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THE ART OF

Elliott Landy

Elliott Landy, born in 1942, said that he “chose to photograph people and events that later came to be socially and culturally significant.” He took pictures of the anti-Vietnam war movement and the underground music culture of New York City in 1967. Both backstage and onstage, Elliott Landy photographed rock ‘n’ roll superstars including Janis Joplin, Jimi Hendrix, Jim Morrison, The Beatles, The Who, Chuck Berry, Joan Baez, Van Morrison, Richie Havens, Bob Dylan and The Band. In fact, Elliott Landy was the official photographer of the 1969 Woodstock Festival. Some of his most iconic images are associated with Bob Dylan, having taken the cover shot for Nashville Skyline. Many other images include Dylan with his family.

Elliott Landy was responsible for photographing many pivotal events in history. He even tried to get Bobby Kennedy to intervene when police beat up a disabled demonstrator during an anti-war demonstration. Landy was shocked when he turned the film into the Associated Press and the editor looked at the pictures and told him they were not interested. He was disappointed that these pictures were not available to the public. Thus, he took his pictures to the underground press.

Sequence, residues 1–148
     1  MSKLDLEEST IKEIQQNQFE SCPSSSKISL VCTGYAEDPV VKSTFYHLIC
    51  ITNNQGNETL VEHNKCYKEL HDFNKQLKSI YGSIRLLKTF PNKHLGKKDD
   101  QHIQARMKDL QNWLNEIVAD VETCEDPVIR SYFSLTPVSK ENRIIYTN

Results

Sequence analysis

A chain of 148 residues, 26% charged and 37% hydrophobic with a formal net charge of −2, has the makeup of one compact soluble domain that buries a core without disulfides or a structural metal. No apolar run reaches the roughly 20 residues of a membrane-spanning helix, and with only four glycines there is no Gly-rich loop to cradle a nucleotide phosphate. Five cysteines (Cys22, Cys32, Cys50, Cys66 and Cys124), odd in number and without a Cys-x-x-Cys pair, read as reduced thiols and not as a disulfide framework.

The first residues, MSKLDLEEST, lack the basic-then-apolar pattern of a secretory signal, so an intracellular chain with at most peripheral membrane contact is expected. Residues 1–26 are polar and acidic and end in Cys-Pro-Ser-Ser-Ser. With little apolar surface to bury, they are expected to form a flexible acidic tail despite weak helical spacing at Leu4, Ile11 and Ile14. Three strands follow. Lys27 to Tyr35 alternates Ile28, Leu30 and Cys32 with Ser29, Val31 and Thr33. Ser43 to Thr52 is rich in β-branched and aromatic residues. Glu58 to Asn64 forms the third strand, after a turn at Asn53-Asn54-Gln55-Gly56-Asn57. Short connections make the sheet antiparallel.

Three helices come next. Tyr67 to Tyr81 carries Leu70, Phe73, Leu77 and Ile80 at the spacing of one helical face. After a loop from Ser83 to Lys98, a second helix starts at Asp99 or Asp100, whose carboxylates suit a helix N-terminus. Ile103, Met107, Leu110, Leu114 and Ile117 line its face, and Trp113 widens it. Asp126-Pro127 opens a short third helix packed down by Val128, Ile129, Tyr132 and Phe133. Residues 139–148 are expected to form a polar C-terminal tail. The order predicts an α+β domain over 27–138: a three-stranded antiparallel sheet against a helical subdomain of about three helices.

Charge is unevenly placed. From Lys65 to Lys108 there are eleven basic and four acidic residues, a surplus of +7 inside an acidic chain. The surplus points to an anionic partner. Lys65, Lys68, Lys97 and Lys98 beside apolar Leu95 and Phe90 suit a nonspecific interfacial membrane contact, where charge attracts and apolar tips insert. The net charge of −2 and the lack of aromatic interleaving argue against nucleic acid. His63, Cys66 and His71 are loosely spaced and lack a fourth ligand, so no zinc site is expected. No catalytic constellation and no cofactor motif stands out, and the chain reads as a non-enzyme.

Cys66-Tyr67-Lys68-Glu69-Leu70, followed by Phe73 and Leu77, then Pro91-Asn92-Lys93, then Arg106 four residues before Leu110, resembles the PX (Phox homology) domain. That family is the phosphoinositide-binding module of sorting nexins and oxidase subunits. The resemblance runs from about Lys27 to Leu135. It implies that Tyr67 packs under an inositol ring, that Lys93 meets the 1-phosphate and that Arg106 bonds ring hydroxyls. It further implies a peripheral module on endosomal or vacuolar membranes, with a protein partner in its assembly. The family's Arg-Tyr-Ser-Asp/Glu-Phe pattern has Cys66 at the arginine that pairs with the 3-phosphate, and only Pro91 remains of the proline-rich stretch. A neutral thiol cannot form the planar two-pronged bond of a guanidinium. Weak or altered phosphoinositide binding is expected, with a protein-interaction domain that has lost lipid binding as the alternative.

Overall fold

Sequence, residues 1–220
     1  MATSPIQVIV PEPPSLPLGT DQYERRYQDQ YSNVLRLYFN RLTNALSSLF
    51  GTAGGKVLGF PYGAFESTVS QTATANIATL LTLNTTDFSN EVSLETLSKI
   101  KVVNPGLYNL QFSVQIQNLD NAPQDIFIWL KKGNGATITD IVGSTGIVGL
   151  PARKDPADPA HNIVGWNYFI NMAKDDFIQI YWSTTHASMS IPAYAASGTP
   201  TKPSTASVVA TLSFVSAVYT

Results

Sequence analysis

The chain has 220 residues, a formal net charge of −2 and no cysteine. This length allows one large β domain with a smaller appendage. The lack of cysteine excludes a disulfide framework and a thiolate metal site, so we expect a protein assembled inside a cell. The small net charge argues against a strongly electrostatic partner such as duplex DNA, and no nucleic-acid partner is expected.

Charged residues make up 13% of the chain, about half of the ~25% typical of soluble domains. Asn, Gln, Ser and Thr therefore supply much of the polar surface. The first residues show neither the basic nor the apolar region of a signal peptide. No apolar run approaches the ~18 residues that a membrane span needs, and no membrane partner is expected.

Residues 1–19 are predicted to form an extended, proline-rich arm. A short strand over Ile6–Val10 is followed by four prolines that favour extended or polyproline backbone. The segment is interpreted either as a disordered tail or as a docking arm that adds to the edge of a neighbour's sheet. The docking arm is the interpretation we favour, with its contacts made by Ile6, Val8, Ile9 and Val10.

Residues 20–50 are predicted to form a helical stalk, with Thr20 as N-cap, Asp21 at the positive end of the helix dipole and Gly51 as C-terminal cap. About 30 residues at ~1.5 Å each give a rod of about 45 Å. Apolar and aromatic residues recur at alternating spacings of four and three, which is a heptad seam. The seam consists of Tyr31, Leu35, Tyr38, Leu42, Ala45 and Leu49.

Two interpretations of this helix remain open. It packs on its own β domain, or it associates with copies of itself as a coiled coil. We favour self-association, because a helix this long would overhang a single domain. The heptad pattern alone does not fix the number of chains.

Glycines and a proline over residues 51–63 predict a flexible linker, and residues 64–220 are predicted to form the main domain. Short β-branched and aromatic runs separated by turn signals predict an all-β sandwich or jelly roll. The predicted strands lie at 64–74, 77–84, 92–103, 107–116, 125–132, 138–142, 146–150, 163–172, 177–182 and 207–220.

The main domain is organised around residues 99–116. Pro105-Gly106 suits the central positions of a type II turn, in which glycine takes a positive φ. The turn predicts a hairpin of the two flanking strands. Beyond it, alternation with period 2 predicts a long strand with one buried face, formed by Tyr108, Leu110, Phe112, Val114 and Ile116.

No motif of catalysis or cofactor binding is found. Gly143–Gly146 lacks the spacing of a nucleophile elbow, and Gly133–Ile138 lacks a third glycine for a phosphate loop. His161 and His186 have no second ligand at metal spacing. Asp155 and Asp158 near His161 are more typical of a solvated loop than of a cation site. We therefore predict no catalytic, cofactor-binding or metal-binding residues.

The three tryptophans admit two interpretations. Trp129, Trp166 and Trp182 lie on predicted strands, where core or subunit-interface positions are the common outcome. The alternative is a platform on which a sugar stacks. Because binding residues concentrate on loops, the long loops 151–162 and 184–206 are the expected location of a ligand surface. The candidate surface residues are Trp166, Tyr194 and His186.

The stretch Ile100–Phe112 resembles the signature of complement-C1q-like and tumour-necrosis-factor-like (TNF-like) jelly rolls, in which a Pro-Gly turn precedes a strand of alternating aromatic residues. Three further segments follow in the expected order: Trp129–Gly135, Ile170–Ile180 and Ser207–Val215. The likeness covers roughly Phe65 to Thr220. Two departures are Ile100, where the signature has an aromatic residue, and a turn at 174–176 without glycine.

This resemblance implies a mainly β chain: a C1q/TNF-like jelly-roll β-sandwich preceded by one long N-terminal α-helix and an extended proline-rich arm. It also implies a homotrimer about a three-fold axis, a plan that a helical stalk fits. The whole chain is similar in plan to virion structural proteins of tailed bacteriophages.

After getting tired of the artificiality of photographing celebrities, Elliott moved on to other inspirations and art forms, photographing his own children and travels, creating impressionist flower photographs and doing motion and kaleidoscopic photography in both still and film formats. His photographs have been published worldwide for many years in all print mediums including covers of Rolling Stone, Life, The Saturday Evening Post, and album covers, calendars, and photographic book collections.

Presented in association with Raj Prem Fine Art Photography.

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